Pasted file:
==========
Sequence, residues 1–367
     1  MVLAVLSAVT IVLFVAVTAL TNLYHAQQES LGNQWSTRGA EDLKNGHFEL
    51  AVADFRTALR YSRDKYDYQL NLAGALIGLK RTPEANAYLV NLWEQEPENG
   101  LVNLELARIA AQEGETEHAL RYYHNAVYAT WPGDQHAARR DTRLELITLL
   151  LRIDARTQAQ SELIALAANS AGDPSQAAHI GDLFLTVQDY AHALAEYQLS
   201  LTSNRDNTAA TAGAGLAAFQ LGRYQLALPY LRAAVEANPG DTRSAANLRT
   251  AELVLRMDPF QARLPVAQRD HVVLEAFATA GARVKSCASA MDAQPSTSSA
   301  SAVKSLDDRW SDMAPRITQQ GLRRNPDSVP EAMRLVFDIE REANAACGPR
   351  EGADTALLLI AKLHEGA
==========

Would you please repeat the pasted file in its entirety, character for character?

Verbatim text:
Sequence, residues 1–367
     1  MVLAVLSAVT IVLFVAVTAL TNLYHAQQES LGNQWSTRGA EDLKNGHFEL
    51  AVADFRTALR YSRDKYDYQL NLAGALIGLK RTPEANAYLV NLWEQEPENG
   101  LVNLELARIA AQEGETEHAL RYYHNAVYAT WPGDQHAARR DTRLELITLL
   151  LRIDARTQAQ SELIALAANS AGDPSQAAHI GDLFLTVQDY AHALAEYQLS
   201  LTSNRDNTAA TAGAGLAAFQ LGRYQLALPY LRAAVEANPG DTRSAANLRT
   251  AELVLRMDPF QARLPVAQRD HVVLEAFATA GARVKSCASA MDAQPSTSSA
   301  SAVKSLDDRW SDMAPRITQQ GLRRNPDSVP EAMRLVFDIE REANAACGPR
   351  EGADTALLLI AKLHEGA